Searching over 5,500,000 cases.

Buy This Entire Record For $7.95

Download the entire decision to receive the complete text, official citation,
docket number, dissents and concurrences, and footnotes for this case.

Learn more about what you receive with purchase of this case.

State v. Farrad

June 22, 2000


The opinion of the court was delivered by: Coleman, J.

Argued May 1, 2000

On certification to the Superior Court, Appellate Division.

The critical issue in this appeal is whether the crime of attempted robbery exists under the New Jersey Code of Criminal Justice, N.J.S.A. 2C:1-1 to 104-9 (Code). A jury found defendant guilty of first-degree robbery. The Appellate Division vacated the robbery conviction, finding the State failed to establish either the use of force or the threat of immediate bodily injury, proof of which is an essential element of the crime of robbery. The panel declined to mold the verdict to enter a conviction for attempted robbery because it was of the view that such an offense is not cognizable under the Code. Even if attempted robbery had been recognized as an inchoate crime under the Code, the panel would not have molded the verdict to reflect a conviction for that offense because it found that the trial court had erred in permitting the State to inquire into the details of defendant's prior convictions. We conclude that attempted robbery is an offense contemplated by the Code and remand the matter for a retrial on attempted robbery.


On January 25, 1994, at 10:45 p.m., two plain-clothed police officers, Detective Joseph Carroll and Lieutenant Michael Mordaga, observed defendant standing in front of a Roy Rogers restaurant that was scheduled to close at ll:00 p.m. The officers were investigating a number of recent fast-food restaurant hold-ups, all occurring when the target restaurant was about to close for the night. Defendant was wearing a three-quarter length coat, a scarf and a hat, and according to the officers, was walking back and forth in front of the restaurant, peering inside. The officers observed defendant walk around the corner of the building, enter a vestibule extension of the building, and cover his face with his scarf and hat so that only his eyes were visible. As defendant entered the restaurant, the officers followed.

Present in the restaurant were a patron, MacArthur Lee, Jr. (Lee), and a cashier, Camilli Rose (Rose). Lee and Rose were having a conversation. The officers observed defendant walk toward the restaurant counter and place his hand into his right coat pocket. The officers immediately grabbed defendant, and Lieutenant Mordaga removed a loaded revolver from defendant's right pocket. Detective Carroll patted down Lee, and permitted him to leave after determining there was no reason to believe he was involved.

At trial, Detective Carroll testified that defendant, after having been given warnings required by Miranda v. Arizona, 384 U.S. 436, 86 S. Ct. 1602, 16 L. Ed. 2d 694 (1966), confessed that he found the gun behind the restaurant. An expert in the field of ballistics and firearms testified that the gun was operable and three of the bullets were hollow points.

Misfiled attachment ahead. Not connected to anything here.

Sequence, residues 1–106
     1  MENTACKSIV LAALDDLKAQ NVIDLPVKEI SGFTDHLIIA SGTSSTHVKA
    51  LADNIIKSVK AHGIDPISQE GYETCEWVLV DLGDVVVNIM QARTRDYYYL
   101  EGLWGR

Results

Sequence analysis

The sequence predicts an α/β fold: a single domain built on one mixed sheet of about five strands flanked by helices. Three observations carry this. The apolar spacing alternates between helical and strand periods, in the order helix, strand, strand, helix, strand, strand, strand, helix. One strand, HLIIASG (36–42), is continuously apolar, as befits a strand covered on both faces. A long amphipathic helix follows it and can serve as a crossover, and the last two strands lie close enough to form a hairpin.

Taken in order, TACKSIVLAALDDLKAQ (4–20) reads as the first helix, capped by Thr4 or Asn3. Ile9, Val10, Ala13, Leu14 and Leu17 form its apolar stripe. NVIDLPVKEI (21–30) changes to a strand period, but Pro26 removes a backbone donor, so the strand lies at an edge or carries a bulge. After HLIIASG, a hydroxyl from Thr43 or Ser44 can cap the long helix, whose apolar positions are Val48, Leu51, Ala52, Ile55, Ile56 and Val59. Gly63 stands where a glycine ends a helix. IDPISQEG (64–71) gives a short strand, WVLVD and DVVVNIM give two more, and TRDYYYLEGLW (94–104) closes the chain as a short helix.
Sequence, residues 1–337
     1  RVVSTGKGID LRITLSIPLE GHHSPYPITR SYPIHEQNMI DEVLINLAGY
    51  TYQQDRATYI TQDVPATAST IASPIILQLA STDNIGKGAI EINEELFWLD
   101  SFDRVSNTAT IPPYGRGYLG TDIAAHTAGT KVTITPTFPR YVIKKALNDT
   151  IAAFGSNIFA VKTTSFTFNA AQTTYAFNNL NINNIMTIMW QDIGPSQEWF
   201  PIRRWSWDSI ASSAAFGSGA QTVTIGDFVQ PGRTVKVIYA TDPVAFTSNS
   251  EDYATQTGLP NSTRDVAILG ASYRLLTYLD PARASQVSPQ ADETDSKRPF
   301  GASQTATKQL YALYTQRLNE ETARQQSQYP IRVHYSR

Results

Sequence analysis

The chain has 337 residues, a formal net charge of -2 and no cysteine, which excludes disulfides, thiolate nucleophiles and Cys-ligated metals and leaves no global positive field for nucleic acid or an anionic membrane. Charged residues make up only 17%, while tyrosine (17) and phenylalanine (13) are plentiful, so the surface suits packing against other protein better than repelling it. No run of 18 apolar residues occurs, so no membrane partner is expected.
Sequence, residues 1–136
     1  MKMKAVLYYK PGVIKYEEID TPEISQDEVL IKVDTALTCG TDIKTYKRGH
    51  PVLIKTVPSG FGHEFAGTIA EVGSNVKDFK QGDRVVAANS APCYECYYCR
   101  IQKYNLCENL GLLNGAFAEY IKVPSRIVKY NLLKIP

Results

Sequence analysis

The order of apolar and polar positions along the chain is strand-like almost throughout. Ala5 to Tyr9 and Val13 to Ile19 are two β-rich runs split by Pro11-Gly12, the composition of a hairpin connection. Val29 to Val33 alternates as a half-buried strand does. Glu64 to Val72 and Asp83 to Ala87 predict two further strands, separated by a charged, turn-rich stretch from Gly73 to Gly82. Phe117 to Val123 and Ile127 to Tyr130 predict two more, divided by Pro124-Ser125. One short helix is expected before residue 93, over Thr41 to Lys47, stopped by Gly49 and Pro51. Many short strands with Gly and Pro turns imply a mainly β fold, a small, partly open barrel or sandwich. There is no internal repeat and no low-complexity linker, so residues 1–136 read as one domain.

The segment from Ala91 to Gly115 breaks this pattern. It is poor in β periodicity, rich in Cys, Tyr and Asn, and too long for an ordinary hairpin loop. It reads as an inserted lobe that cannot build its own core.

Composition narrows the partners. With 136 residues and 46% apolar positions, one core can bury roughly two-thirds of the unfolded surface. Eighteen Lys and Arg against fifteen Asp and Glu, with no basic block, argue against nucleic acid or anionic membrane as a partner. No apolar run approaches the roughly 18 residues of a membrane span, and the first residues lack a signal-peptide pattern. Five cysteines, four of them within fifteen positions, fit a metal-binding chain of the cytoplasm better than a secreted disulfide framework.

Rose testified that at around 10:45 p.m. Lee asked to see an employee who was not present, and then asked to see the manager. Rose called for the manager, and sometime during her two to three minute conversation with Lee, defendant entered the premises. Rose stated that she paid no special attention to defendant when he entered, thinking Lee and defendant were together. Rose observed the officers enter the restaurant, wait for "a little bit," and then walk behind defendant and remove a gun. According to Rose, the manager entered the front of the restaurant after the gun had been removed. Rose testified that she never saw defendant remove the gun from his pocket and that he never said or did anything that threatened anybody. However, Rose was "shaken up" by seeing the gun the police removed from defendant's coat.

Thai Minter, the manager, testified that at around 10:45 p.m. he was in an office in the back of the restaurant preparing to close when Rose called him. When he entered the front of the restaurant, he saw defendant. Minter testified that he asked defendant if he needed help, at which point Minter saw defendant reach into his pocket and begin to pull something out. Minter then noticed the detectives and heard one of them say "he's going for his gun." Minter watched the detectives grab defendant and the gun. Minter claims that when the detectives grabbed defendant, the gun was already out of his pocket.

Defendant testified that he and Lee went to the restaurant together. According to defendant, Lee needed to "check on this job," and handed the gun to defendant. Defendant claimed that he argued with Lee about the gun, but eventually placed it in his pocket. Defendant testified that neither he nor Lee discussed robbing the restaurant. Defendant denied walking around the restaurant or peering through the windows before entering. Defendant admitted that he wrapped himself with his scarf before entering the restaurant, claiming that he did so to keep warm and because he has arthritis. He stated that he entered the restaurant behind Lee, and waited about five minutes for Lee to finish his conversation with Rose. At that point, according to defendant, the two detectives grabbed him from behind. Detective Mordaga felt his pockets, yelled "gun," and pulled out the gun.

Defendant claimed that he did not have his hand in his pocket, and that he never attempted to remove the gun or to rob the restaurant. Defendant testified that after Detective Mordaga removed the gun, he observed Lee and the officers laughing at him, which caused him to believe that he was set up.